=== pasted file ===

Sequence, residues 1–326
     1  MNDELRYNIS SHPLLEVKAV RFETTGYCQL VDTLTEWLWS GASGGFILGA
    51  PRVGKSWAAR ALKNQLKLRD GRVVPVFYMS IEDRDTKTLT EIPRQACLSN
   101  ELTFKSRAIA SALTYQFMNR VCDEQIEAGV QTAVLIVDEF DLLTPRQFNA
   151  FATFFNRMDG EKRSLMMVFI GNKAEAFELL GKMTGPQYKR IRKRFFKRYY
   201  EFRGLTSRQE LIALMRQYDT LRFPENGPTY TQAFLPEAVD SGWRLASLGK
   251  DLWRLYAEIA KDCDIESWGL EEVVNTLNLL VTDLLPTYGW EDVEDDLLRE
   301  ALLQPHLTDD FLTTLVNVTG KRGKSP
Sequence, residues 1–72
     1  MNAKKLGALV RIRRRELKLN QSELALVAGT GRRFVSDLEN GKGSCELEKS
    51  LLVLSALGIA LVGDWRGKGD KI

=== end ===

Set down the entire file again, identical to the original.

Sequence, residues 1–326
     1  MNDELRYNIS SHPLLEVKAV RFETTGYCQL VDTLTEWLWS GASGGFILGA
    51  PRVGKSWAAR ALKNQLKLRD GRVVPVFYMS IEDRDTKTLT EIPRQACLSN
   101  ELTFKSRAIA SALTYQFMNR VCDEQIEAGV QTAVLIVDEF DLLTPRQFNA
   151  FATFFNRMDG EKRSLMMVFI GNKAEAFELL GKMTGPQYKR IRKRFFKRYY
   201  EFRGLTSRQE LIALMRQYDT LRFPENGPTY TQAFLPEAVD SGWRLASLGK
   251  DLWRLYAEIA KDCDIESWGL EEVVNTLNLL VTDLLPTYGW EDVEDDLLRE
   301  ALLQPHLTDD FLTTLVNVTG KRGKSP
Sequence, residues 1–72
     1  MNAKKLGALV RIRRRELKLN QSELALVAGT GRRFVSDLEN GKGSCELEKS
    51  LLVLSALGIA LVGDWRGKGD KI